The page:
KRANJ, Slovenia (AP) — Tiny Slovenia took charge of the world’s largest trading bloc this week, and immediately shone a harsh spotlight on one of the European Union’s most vexing problems: How to accommodate increasingly vocal member countries with very different visions of Europe’s future.
Already, nationalist governments in Hungary and Poland are worrying their more politically mainstream partners in the 27-nation EU. Some fear that new legislation introduced by the two countries could undermine democratic standards and the independence of the judiciary.
Then on Thursday, Slovenia’s return to the European stage — it took over the EU’s rotating presidency for six months — was marked by concerns about the right-wing government’s record on media freedoms and its failure to nominate legal experts to the fraud-busting European Public Prosecutor’s Office.
For Prime Minister Janez Jansa — who leads the Alpine nation of just 2 million people nestled between Austria, Hungary and Italy — Slovenia is a misunderstood victim of “double standards,” sometimes at the hands of the EU’s increasingly powerful executive branch, the European Commission.
“We are not a colony. We are not a second-class member of the European Union,” Jansa told foreign reporters on Friday. His remarks highlighted the growing tensions between newer EU members from central and eastern Europe and the founding states from the continent’s west.
“The EU brings together countries with different traditions, with different cultures. There are differences that need to be taken into account and respected,” he said, during an exchange that lasted well over an hour.
Pressure mounted on Jansa’s government recently as it prepared for its EU presidency, which is largely about acting as an “honest broker” to find consensus among the 27 nations and ensure the smooth adoption of policies ranging from the environment to migration.
Protests in the capital, Ljubljana, have become routine. In late May, around 20,000 people gathered in a central square to demand that the government step down.
Jansa is accused of becoming increasingly authoritarian in ways similar to those of his ally, hardline Hungarian Prime Minister Viktor Orban. Critics say Jansa’s government has pressured Slovenian media, spurred hate speech and mismanaged the coronavirus pandemic.
Asked about his attitude toward “illiberal democracies” like those in Hungary and Poland, the 62-year-old former journalist replied: “For me, all of these mainstream political orientations are equal, and equally legitimate.”
“I cannot agree to the division between liberal and illiberal democracy. Democracy is democracy,” Jansa said, before going on to give a favorable account of Orban and what he has done for Hungary. “If I fight for the affection of my voters, in a free world, everyone is equal.”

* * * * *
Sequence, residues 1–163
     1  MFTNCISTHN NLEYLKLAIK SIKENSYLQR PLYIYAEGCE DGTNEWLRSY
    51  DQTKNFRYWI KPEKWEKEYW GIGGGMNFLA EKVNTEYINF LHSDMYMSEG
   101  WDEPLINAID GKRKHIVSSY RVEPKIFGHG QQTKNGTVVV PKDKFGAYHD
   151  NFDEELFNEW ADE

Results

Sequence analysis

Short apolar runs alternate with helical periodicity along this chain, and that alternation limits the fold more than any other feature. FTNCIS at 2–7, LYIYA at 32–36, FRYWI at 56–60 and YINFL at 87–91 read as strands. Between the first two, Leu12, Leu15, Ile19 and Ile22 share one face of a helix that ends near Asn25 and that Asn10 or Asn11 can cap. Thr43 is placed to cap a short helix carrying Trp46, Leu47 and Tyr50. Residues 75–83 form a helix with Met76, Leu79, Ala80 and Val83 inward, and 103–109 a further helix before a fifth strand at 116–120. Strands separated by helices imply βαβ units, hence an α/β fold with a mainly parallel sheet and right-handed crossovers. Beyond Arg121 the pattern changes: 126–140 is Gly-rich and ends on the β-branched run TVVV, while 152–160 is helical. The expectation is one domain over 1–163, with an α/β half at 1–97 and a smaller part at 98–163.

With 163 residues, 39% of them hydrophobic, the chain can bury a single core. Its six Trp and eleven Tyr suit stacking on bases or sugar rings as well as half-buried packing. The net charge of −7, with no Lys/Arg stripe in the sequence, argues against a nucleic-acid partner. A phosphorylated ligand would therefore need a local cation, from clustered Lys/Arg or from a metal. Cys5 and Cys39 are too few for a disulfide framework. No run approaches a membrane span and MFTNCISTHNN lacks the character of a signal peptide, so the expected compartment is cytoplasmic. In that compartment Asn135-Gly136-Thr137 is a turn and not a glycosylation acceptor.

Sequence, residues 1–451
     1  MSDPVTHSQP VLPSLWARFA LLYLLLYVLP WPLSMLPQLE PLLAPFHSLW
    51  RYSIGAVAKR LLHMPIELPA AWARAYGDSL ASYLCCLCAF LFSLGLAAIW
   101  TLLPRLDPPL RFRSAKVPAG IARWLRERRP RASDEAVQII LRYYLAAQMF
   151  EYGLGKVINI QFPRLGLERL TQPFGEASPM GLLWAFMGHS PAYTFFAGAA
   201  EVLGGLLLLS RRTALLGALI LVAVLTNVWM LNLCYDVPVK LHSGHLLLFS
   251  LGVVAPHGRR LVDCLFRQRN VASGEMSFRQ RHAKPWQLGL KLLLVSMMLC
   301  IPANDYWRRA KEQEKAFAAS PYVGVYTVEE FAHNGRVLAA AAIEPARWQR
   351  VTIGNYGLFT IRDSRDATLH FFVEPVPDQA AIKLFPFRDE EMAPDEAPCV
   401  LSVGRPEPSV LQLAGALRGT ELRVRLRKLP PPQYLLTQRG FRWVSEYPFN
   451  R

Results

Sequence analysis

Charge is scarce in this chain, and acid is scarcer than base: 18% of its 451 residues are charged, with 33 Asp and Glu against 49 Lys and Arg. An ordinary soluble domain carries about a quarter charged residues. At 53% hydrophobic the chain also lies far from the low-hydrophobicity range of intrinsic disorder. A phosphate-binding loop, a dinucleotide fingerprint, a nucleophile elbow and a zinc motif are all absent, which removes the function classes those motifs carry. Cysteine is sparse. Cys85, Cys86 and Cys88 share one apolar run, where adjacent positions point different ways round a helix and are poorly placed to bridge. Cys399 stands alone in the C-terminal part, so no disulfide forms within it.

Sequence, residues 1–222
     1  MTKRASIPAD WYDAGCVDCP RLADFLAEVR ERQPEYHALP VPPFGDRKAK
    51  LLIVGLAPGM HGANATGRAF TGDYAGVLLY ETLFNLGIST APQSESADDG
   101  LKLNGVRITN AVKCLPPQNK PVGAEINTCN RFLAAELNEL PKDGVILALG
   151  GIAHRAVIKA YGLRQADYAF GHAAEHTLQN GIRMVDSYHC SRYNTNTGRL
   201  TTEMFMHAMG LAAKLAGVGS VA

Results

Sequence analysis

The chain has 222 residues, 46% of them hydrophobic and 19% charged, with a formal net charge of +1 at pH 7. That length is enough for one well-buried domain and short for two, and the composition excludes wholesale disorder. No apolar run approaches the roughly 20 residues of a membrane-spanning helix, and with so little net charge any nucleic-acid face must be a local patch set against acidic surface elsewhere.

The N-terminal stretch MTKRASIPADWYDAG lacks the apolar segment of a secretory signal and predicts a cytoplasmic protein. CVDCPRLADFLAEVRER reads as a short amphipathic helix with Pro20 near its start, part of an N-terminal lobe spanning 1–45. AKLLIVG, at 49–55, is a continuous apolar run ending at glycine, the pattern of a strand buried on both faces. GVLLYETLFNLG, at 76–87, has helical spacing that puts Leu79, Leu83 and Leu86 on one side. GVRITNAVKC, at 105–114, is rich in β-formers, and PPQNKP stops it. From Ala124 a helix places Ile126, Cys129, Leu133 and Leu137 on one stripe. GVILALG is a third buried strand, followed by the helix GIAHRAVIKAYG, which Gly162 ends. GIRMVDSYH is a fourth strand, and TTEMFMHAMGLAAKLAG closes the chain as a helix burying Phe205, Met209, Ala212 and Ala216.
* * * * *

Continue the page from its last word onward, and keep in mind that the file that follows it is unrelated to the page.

The Slovenian premier has come under particular scrutiny for keeping a stranglehold on funds for Slovenia’s only news agency, the STA. He says he expects the issue to be resolved this fall, but exactly how is unclear.
On Friday, he showed reporters a video that he said depicted the media pressure applied by more left-leaning politicians. It listed a number of journalists, including well-known TV news personalities, who have switched to jobs in government or parliament.
“You are accusing this government that we are suppressing media freedom,” Jansa said in English. “When we defend ourselves, and we are under attack all the time, this is not suppressing media freedom.”
“It’s not good if you’re criticized in whatever you’re doing. If you’re making restrictions regarding COVID, you’re criticized. If not making the restrictions, you’re criticized. At the end, people are dying because of the pandemic. It’s not so simple,” he said.
Jansa’s use of images to make a point didn't go down well with the commission at Thursday’s meeting to mark the start of Slovenia’s presidency. During a complaint about “leftist” politicians, he displayed a photograph of two Slovenian judges alongside opposition members.
That prompted a walkout by European Commission Executive Vice-President Frans Timmermans. He refused to take part in the “family photo” between Slovenia’s Cabinet and the commissioners.
“I simply could not be on the same podium with PM Jansa after his unacceptable attack,” Timmermans said later.
The following day, Interior Minister Ales Hojs, talking about anti-government protesters, said: “I personally do not want to call anyone a swine. But perhaps once in the future, after everything I heard yesterday, I will be able to call a certain individual a swine.”
“They were not on the square (among the protesters), but they sit high in the European bureaucracy,” Hojs told reporters. He later denied via Twitter that he was referring to Timmermans.
Ultimately, the tensions suit both parties. Small Slovenia appears to be punching above its political weight, while the EU’s executive branch comes across as a righteous defender of Europe’s values.
More problematic though is that the dispute was over the independence of judges, and came amid concern that Slovenia has delayed its appointment of legal experts to Europe's public prosecutors office, which investigates the misuse of EU funds.
It came on the day that the commission endorsed Slovenia’s post-pandemic plan to revive its economy with 2.5 billion euros ($3 billion) in grants and loans of European money. Hungary’s national plan still hasn't been approved amid concerns over democratic backsliding there.
In March, Hungary's ruling party pulled out of the biggest mainstream political group in the European Parliament in acrimony. The Fidesz party’s membership had already been suspended by the group, the European People’s Party.
Jansa suggested that his party too might be ready to walk away.
“I think there will be some changes in the future, we hope so, toward the original idea of the European People’s Party,” he said. “If this is not the case, there are other options.”